Payments Orchestration

Understanding Card Processing Networks for Beginners

An explainer covering the ins and outs of card processing networks in simple terms.

Written by
Andrew Sjogren
Publication Date
August 10, 2023
Social Share
Don’t miss our latest news and updates
Thank you! Your submission has been received!
Oops! Something went wrong while submitting the form.

When you use your credit or debit card it’s easy to overlook the complex system that makes that transaction seem so simple.  Behind the scenes, the card-networks are the central players in a vast system of providers. Understanding the networks and the role they play can be a huge undertaking, particularly for merchants who are just beginning to dive into payment systems and card processing.

Card processing networks (sometimes called “card brands”) like Visa and Mastercard are the backbone of payments processing, connecting the players so you can swipe without worry — allowing merchants to accept all types of card-payments from customers and other businesses. To accept these payments, merchants must have access to an acquiring bank and the proper tools for accepting and processing payments, such as a payment gateway for digital transactions. With an estimated 678 billion global credit card transactions in 2022 (equivalent to an average of 1.86 billion per day), it has never been more crucial for merchants to understand the role of card processing networks in their day-to-day operations. 

In this article, we cover what you need to know about card processing networks, including what they are, how they work, and any fees you need to be aware of. Stay tuned to discover how major card processing networks like Visa and Mastercard work their magic.

What is a Card Processing Network? 

A card processing network (also called a credit card processing network) is a financial organization that facilitates card-based payments. Some of the most common card processing networks are Mastercard, Visa, Discover, and American Express (AmEx), as well as UnionPay in China.

In 2022, Visa was the most popular card processing network with 242 billion total card transactions (followed by 213 billion for UnionPay and 150 billion for Mastercard).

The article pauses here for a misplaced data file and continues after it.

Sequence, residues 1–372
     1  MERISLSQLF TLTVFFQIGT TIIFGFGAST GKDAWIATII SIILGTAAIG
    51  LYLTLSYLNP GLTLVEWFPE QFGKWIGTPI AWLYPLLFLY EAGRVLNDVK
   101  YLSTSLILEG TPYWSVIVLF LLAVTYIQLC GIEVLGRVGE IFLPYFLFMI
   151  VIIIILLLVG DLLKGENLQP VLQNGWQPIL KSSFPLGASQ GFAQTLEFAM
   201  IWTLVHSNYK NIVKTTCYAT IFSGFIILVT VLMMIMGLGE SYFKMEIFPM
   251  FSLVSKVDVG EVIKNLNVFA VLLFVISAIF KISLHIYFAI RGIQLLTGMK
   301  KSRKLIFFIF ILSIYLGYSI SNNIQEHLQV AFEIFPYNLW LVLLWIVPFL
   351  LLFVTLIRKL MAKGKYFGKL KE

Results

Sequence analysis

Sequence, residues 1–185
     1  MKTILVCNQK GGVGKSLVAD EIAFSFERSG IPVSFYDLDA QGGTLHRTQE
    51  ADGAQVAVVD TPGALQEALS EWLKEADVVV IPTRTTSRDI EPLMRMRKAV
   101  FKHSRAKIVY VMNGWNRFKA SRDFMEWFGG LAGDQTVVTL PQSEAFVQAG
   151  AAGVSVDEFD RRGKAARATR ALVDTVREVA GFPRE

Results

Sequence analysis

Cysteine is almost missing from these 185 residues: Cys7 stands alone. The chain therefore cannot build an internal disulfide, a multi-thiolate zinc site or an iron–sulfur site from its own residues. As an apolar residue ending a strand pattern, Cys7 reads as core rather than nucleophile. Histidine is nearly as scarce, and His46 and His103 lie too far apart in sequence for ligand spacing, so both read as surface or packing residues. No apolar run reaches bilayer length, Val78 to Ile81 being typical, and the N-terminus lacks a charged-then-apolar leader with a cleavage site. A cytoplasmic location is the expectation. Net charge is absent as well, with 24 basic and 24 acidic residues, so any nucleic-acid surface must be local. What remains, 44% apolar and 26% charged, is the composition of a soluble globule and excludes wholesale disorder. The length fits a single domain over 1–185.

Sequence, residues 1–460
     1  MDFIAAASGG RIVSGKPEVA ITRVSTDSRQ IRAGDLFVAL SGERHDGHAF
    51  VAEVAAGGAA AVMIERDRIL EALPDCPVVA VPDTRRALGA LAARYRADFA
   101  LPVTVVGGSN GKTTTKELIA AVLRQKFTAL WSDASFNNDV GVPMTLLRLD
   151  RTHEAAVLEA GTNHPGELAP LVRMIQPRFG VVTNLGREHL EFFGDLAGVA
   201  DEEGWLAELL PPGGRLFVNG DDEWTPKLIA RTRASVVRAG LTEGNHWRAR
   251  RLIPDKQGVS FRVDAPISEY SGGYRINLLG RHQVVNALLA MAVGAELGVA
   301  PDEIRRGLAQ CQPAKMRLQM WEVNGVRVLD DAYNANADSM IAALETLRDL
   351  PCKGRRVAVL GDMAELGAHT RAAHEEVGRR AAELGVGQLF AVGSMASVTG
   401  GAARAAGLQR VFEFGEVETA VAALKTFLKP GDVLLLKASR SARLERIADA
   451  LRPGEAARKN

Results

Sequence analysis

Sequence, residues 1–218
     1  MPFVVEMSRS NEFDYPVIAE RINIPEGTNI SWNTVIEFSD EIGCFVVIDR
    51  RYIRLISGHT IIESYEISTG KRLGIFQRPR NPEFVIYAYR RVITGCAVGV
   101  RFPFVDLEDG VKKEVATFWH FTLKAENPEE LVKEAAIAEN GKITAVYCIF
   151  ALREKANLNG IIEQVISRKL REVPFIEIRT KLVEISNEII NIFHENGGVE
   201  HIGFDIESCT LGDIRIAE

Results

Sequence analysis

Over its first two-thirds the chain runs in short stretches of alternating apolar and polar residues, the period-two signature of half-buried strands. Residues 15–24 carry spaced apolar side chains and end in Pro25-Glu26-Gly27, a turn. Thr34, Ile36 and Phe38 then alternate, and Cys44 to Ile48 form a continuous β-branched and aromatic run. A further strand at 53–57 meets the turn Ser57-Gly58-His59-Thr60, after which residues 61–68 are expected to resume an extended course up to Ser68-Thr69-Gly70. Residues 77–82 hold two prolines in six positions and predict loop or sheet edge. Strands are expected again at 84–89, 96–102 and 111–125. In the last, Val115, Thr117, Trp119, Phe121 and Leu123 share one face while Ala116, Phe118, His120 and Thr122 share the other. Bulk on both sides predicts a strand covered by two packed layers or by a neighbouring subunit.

What these card networks do is fairly straightforward: they offer infrastructure for digital payments. They create the rules and pathing that makes it possible to accept, authorize, verify, and ultimately approve card transactions. You may hear the term debit or credit card “rails” - which refers to the infrastructure that enables card-payments. It’s an apt metaphor - think of the card brands as the railway company that lays down the train tracks. They manage and standardize the construction of rail lines, set rules for the signals and practices locomotives must follow, and bring order and safety to the world of commerce. 

For many years, accepting payments from one or many payment networks was a hassle — but the credit and debit card business was still a backseat to cash. We now live in a world which spends on plastic and many merchants now support all four major payment networks. 

There are now thousands of debit card and credit card products in addition to card-products like gift cards. These are created by card issuers (often working with a partner, such as an airline or your favorite retailer) that work with the card networks. These issuing banks and financial firms offer cards in partnership with one of these payment networks. 

Visa, Mastercard, Discover, and AmEx also form the PCI Security Standards Council (SSC) alongside Japan’s JCB International. The PCI SSC acts as an authority in the payments industry, regulating and enforcing the PCI Data Security Standard (DSS) to protect cardholder information.  The rules set by this consortium are not guidelines, but the ground-rules participants must abide by in order to participate in card-payments. While the card processing networks establish a smooth infrastructure for card payments, they also make requirements of the other players, principally to ensure a safe-processing environment for cardholders. This includes both in-person payments and digital payments, though networks have placed an increasing amount of emphasis on optimizing digital payments over recent years with the surge in card-not-present volumes and activity. 

As such, card processing networks not only facilitate card payments but also outline the rules and requirements for merchants to follow when accepting card payments. Overall, card processing networks enable merchants to accept, authorize, and approve card payments.

How Card Processing Networks Work

Carrying out a transaction is a complex process — one that merchants and businesses would struggle to complete without the assistance of card processing networks and payment service providers. The requirements go beyond just executing the transaction too - they encapsulate settlement, reporting, monitoring, returns/refunds, and disputes or chargebacks. For now, let’s stick to the basic transaction.